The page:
Maurizio Cattelan: No! It’s crazy. I’ve never had so much work. My advice: don’t ever get retired if you can avoid it.

Chris Wiley: If not art, what have you been working on?

Maurizio Cattelan: Massimiliano Gioni and I have opened a new space in Chelsea called Family Business, which is something like a big brother to Wrong Gallery, the closet-sized space that the two of us ran with Ali Subotnick—there’s more space, but not much. Still, we feel it’s time to grow up and be responsible adults. That’s what having a family business means, right? Also, I have been making a magazine called Toilet Paper with the photographer Pierpaolo Ferrari where we make the editorial photographs we would want to see as advertizing in an alternate universe. Actually, it seems that recently that universe is starting to bleed into our own: we just did a billboard project for the High Line that was very strange—an old woman’s fingers on a blue velvet backdrop, amputated but without blood.

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Chris Wiley: It was an odd thing, seeing that towering over 10th Avenue.

Maurizio Cattelan: I thought they looked like beautifully manicured penises, didn’t you? Sometimes symbolism is better when it’s not so subtle.

Chris Wiley: True enough. I am interested though, in why you keep working. Not only have you always been interested in escape—often, as you have pointed out many times, due to your fear of failure—you have also, at least in part, taken up forced leisure as a sub-theme in your work. I am thinking particularly of your never-awarded Oblomov Foundation scholarship, which was named after the famously lazy and indecisive eponymous noblemen of Ivan Goncharov’s 1859 novel, a substantial cash prize that was to be given to a young artist who agreed not to show for a year and the 6th Caribbean Biennial, which you organized with Jens Hoffmann, that gathered a collection of bold-faced names from the biennial circuit for what essentially amounted to a highly publicized vacation-by-invitation. Are you allergic to relaxation?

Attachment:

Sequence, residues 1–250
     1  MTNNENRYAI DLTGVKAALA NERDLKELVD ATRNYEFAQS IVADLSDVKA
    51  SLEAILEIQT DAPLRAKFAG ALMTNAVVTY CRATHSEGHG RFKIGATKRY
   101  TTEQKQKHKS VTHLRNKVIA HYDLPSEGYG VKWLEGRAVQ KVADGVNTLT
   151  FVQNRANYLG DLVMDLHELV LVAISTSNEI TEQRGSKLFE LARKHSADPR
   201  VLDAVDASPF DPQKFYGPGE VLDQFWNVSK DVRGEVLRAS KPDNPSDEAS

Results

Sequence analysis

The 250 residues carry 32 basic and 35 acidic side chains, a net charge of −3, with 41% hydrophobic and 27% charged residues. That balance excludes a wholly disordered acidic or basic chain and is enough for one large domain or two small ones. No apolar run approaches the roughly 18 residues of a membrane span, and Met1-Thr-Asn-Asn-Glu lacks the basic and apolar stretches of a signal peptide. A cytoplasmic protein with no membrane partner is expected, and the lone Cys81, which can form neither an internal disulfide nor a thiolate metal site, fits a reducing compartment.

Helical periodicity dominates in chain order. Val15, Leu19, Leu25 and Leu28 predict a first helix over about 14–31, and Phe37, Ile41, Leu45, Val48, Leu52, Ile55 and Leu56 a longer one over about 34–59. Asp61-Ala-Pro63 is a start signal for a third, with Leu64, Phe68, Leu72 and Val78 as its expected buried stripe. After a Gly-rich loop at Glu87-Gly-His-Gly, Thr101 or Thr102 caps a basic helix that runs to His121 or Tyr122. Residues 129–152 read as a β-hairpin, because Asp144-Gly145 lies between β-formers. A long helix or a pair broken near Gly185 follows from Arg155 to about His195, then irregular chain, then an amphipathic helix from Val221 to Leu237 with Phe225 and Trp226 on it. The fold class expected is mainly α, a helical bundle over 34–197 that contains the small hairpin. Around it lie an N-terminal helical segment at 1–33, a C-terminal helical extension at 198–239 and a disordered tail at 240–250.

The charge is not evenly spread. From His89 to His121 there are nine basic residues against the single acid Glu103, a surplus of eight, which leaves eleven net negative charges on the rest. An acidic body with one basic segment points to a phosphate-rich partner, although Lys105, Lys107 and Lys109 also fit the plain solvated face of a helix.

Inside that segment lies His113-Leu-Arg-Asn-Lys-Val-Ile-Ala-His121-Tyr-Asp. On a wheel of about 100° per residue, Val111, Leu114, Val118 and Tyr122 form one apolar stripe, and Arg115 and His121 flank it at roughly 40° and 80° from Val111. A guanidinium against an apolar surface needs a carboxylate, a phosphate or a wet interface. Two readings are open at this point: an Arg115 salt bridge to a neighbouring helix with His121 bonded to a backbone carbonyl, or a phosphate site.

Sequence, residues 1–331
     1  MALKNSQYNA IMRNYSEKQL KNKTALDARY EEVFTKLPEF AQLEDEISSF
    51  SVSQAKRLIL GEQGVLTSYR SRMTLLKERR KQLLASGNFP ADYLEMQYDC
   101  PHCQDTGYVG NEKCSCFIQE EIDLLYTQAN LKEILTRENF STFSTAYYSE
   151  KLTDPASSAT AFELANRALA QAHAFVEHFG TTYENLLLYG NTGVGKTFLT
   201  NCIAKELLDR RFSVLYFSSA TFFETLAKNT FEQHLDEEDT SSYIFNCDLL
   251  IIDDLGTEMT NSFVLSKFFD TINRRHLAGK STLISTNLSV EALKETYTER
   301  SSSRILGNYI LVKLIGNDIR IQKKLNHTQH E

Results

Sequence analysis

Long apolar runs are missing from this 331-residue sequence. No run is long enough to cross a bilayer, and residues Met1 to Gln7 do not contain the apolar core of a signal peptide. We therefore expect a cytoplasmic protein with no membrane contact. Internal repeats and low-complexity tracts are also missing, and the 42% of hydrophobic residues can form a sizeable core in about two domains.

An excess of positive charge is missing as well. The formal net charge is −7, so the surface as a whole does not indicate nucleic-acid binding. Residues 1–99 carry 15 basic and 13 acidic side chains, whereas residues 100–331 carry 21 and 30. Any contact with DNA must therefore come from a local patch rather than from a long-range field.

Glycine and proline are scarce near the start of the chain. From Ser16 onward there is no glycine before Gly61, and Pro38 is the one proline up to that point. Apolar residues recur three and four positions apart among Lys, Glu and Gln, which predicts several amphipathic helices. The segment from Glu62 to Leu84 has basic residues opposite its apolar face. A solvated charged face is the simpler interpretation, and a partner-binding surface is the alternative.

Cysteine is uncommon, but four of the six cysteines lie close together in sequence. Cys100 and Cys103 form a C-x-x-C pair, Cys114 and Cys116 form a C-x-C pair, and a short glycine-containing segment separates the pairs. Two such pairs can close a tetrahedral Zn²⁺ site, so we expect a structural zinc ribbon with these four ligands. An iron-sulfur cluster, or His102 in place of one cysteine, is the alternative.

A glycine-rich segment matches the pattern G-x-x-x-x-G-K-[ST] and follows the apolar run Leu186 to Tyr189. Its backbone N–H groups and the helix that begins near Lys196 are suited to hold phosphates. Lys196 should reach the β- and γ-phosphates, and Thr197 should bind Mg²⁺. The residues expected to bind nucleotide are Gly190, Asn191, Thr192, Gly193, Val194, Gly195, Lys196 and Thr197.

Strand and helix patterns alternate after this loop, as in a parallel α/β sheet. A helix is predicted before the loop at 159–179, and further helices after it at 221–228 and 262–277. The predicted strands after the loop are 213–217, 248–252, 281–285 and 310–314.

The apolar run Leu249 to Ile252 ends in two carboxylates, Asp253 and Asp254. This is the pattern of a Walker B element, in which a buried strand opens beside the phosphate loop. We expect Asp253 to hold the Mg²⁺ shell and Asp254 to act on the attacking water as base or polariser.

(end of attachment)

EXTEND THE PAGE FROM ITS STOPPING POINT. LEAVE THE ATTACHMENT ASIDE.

Maurizio Cattelan: It’s a very hard position. I want to force other people relax, but it is impossible to relax myself. It seems that I am even a failure at retirement. Maybe it’s just not in me; Mark Twain used to write lying in bed but I write standing up. Even when I was younger I had to work while slacking off. I would sit in the back of the class with my pencils and fill sheet after sheet of paper with these really thin lines—I’d draw them so close together, they almost blended into one. For this, of course, I had to keep my pencils very sharp. By the end of the school day my desk would be covered in pencil shavings from my sharpener and they looked like little roses! I think people thought I was crazy. The thing is, when you fear failure, the evasive gesture is always the best gesture: I make art but I don’t make art, I am retired but I am working more than ever. Fully succeeding is just as much a nightmare as being an utter failure. They both feel like voids and nothing scares me more than emptiness.